Leroy Hood & Team Walk into South Lake Union With Plans to Grow
Leroy Hood is a walker. Now the biotech pioneer is going to be able to walk around in a very productive way.
Once Hood and the rest of the Institute for Systems Biology team moves to South Lake Union next spring, he will be able to walk around the halls of a single building with more than enough room for his entire team at the nonprofit institute. He can also walk to meet most of the top biologists in Seattle at a half-dozen institutions, all within a 10-minute radius. He could even leave his Toyota Prius at home and walk all the way to work, if he wants.
“From our Belltown condo, it’s probably about a 20 to 25-minute walk,” Hood says, referring to his new office at the former Rosetta Inpharmatics building in South Lake Union. “I might do it.”
Hood, who has more energy at age 71 than a lot of entrepreneurs in their 30s, told me almost two years ago in a profile that he’s doing some of the most exciting work in his storied career. Today he talked about moving into a new home that will really allow his Institute to spread its wings like never before. Hood, a pioneer of the genomics age and a co-founder of 14 biotech companies at last count, has channeled most of his energy the past decade into his vision of “P4 Medicine” at the nonprofit institute. This effort struggled at times in its early years to get the financing Hood and co-founders Reudi Aebersold and Alan Aderem dreamed of, but it has been on such a roll the past couple years that Paul Allen’s Vulcan Real Estate considered it a creditworthy replacement to move into the building that formerly housed Merck’s Rosetta Inpharmatics unit.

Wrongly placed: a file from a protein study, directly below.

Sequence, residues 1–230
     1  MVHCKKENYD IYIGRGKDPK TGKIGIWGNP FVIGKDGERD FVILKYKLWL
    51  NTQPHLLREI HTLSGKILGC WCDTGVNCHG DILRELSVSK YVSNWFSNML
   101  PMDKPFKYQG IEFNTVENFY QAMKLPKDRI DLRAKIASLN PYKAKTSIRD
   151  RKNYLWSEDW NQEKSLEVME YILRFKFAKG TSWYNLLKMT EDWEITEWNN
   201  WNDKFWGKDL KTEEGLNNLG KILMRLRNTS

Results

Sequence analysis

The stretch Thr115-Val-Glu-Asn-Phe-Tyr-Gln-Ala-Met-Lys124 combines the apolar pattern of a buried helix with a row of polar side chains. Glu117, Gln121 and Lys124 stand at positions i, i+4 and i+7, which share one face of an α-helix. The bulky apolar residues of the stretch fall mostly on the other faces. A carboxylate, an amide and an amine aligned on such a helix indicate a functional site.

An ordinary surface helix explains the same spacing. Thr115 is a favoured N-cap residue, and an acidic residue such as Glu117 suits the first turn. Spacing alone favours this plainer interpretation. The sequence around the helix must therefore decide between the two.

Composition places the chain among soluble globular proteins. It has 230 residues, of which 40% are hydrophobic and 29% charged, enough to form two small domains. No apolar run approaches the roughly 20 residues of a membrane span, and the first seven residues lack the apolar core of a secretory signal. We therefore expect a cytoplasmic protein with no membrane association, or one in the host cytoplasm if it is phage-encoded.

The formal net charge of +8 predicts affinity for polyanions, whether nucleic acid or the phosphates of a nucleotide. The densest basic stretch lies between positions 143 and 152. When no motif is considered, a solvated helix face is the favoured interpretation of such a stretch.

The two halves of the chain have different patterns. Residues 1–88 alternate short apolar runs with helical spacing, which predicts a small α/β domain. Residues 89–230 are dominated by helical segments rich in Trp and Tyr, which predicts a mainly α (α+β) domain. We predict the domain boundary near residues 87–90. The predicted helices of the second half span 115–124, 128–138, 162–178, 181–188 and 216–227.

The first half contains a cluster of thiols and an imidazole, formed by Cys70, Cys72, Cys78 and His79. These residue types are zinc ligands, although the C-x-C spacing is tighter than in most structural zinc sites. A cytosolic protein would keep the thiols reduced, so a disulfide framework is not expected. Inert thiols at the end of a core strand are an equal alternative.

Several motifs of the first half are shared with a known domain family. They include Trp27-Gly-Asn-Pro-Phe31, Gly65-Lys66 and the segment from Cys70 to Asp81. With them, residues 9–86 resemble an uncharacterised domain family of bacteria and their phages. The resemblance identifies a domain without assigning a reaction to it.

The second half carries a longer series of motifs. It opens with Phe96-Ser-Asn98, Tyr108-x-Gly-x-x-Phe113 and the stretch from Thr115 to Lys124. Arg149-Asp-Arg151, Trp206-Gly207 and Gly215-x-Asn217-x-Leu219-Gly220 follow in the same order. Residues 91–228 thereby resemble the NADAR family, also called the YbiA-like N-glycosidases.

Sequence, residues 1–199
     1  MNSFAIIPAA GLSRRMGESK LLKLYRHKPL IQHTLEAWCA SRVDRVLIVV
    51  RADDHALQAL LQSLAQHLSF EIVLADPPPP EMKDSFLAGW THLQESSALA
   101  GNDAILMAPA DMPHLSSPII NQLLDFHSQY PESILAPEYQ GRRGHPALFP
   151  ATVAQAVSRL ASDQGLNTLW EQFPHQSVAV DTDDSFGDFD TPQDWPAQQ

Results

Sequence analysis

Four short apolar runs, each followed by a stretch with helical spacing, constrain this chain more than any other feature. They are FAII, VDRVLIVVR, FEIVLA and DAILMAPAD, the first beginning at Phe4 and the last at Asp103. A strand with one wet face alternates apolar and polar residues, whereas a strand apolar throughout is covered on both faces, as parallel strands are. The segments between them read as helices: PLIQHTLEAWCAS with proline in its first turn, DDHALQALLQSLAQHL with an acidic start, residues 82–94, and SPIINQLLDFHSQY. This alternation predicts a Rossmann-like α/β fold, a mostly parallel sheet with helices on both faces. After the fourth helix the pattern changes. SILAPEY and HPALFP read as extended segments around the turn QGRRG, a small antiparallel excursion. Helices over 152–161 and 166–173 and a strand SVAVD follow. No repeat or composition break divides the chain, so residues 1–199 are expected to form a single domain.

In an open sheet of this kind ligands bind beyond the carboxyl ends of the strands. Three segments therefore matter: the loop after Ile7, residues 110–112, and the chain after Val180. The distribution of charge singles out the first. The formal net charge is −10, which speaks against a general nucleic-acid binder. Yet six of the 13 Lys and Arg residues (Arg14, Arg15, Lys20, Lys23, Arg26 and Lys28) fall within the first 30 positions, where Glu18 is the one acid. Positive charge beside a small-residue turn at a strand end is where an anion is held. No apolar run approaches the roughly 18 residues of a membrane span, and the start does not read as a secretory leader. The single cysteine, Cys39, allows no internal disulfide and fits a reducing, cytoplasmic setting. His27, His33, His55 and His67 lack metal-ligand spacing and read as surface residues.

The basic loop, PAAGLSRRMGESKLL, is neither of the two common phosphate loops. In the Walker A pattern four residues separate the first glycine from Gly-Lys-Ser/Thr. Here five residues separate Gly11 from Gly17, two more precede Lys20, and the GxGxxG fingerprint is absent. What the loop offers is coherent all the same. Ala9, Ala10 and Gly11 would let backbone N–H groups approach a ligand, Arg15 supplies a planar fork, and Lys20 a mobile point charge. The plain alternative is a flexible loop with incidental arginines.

The move was partly made because of necessity. The Institute for Systems Biology had outgrown its headquarters near Gas Works Park on the north shore of Lake Union, which forced it to move administrative staff to a neighboring building in Fremont that was about a 10-minute walk away. For an institution that prides itself on fostering cross-disciplinary team science, to tackling problems that are far more complicated than traditional studies of one gene or one protein at a time, getting split up like that was really untenable, to hear Hood tell the story.
As the Institute was getting started in 2000, it ran into major roadblocks when it was crammed into a too-small facility near the University of Washington, along Roosevelt Way. The team needed to be split in two buildings, Hood says. Aderem, quoted in the Seattle Daily Journal of Commerce in 2002, called the old facility a “rabbit warren.”
“It was a disaster,” Hood says.
That problem was solved, for a few years anyway, at the Institute’s new building at North Lake Union. The nonprofit Institute moved into a state-of-the-art 65,000 square foot facility in 2001, with postcard views of Lake Union and the downtown skyline. It’s such a distinctive view that Hood had his official biography picture taken with that view in the backdrop.
“I’ve always loved the views here,” Hood says. “I’ll miss it.”